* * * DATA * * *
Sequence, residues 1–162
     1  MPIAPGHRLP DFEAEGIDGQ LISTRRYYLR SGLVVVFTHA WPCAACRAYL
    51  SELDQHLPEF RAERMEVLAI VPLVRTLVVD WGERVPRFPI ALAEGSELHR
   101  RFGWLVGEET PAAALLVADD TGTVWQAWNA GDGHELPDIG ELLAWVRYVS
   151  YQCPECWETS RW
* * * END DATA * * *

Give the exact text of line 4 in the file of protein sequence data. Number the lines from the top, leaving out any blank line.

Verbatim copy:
   101  RFGWLVGEET PAAALLVADD TGTVWQAWNA GDGHELPDIG ELLAWVRYVS